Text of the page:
After the photo shoot, the game might have died then and there were it not for Studholme’s excitement about it. The former greenkeeper for the local golf club loved the idea that all of the expense involved with building and maintaining putting greens could be eliminated with this new golf crossover. “You could play it very cheaply and just about anywhere – anywhere you can get a mower or a mob of sheep,” he said.
Studholme soon became fixated on improving the ball. He spent six years toying with different models. Ultimately, he found that the high-speed injection-molding manufacturing techniques used for mass-produced golf balls was too expensive to replicate for this new and arcane game. Fortunately, the small St. Andrews Golf Ball Company in Scotland donated some oversized balls that “exploded” out of the mold and had the appearance of a small rugby ball. While hardly the desired shape, they were one-piece balls that shared the properties of their golfing brethren.
Studholme contacted Joe Gibson, a local wood turner who began reshaping the “exploded” golf balls to slimmer dimensions on a lathe. Gibson frequently tested the spheroids as he altered them, finding he could propel them 150 yards. Yet with all the resizing, they became too small and unworkable.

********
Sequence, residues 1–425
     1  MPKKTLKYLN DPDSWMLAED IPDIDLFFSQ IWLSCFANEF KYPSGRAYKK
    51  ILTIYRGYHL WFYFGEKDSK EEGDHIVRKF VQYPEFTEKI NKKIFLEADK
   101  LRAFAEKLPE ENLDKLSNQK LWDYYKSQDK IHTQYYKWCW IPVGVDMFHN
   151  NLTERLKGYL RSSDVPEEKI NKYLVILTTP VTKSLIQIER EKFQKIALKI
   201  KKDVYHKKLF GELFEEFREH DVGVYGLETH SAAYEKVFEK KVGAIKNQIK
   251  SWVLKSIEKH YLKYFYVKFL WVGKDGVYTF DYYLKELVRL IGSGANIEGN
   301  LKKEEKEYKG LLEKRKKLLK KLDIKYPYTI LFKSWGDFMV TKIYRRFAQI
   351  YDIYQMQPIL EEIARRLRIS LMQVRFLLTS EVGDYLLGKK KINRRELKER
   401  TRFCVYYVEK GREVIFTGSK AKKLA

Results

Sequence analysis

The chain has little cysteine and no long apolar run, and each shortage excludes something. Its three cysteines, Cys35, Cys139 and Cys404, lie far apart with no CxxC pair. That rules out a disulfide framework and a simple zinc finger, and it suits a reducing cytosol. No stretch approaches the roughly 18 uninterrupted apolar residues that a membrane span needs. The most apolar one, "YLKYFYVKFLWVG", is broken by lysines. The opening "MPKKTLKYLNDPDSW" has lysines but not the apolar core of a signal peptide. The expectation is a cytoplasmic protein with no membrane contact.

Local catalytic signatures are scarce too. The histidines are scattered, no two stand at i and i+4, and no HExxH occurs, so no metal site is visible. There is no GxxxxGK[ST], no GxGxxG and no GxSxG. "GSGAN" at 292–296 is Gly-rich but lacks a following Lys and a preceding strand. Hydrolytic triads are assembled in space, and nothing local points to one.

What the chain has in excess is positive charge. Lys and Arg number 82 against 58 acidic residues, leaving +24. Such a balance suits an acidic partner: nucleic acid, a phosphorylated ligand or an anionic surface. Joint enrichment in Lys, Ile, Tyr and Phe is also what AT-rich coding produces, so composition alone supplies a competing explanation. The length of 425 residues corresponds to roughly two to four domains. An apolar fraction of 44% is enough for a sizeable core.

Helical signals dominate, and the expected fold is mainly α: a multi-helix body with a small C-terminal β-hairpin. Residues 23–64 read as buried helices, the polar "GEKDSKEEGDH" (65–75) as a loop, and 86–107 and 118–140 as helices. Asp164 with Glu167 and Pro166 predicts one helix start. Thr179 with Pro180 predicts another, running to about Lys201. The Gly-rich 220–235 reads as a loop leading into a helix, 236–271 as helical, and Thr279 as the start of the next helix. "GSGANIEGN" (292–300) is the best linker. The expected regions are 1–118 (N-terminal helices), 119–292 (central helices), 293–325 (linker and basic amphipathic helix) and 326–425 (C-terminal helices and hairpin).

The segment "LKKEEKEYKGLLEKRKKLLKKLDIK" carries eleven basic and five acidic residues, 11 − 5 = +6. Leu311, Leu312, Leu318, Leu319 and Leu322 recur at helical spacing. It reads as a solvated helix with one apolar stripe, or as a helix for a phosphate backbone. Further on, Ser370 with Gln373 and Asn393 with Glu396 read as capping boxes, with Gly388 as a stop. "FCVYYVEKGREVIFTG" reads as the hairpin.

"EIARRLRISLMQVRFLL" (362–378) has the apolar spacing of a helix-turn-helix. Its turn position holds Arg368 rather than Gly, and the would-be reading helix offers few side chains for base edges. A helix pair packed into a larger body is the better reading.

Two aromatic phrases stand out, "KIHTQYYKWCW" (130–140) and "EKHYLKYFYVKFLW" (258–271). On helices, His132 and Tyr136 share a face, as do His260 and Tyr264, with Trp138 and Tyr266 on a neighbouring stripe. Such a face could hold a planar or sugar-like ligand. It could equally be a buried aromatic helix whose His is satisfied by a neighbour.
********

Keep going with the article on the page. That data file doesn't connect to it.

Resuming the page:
Then along came two Englishmen from Birmingham, Peter Smewin and William Baird, who worked for Penfold Golf, one of the world’s oldest golf-ball makers. After several discussions and cajoling sessions with Studholme, and by now Wanaka residents Martin O’Connor and Burton Silver, Smewin and Baird decided to devote their spare time to creating a functional ball with proper specifications. After several failed prototypes, a one-piece, dimpled GolfCross ball finally became available in 1996.
What was lacking, though, was a goal that could handle the often-ferocious winds that whip across New Zealand. Dominic Taylor, a young industrial designer who works in the country’s burgeoning film industry, came up with a brilliant design after numerous field trials. Modeled after trees that stay upright by shedding branches in high winds, the modern GolfCross goal features highly flexible branch-like stays that are tension-hinged so as to collapse in on themselves when the going gets tough.
What My American Friends Thought About GolfCross
Charlie and Becky came across GolfCross in Wanaka, a scenic town at the entrance to the delightfully named Mt. Aspiring National Park on New Zealand’s less-populated South Island. Nearby is a winery beside a large lake. Snowcapped mountains and glaciers loom in the background of this pastoral area which, as unbeknownst to my friends, is the site of the planet’s first-ever GolfCross course.
“We played in a sheep pasture owned by the Rippon Vineyard, an upscale winery and vineyard above the shores of Lake Wanaka,” Becky related. “Wanaka is a beautiful little town with stunning views of Mt. Aspiring and Lake Wanaka. I have misplaced our scorecard with yardages, but as I recall the distances of the holes were 90 to 350 meters over our nine-hole round.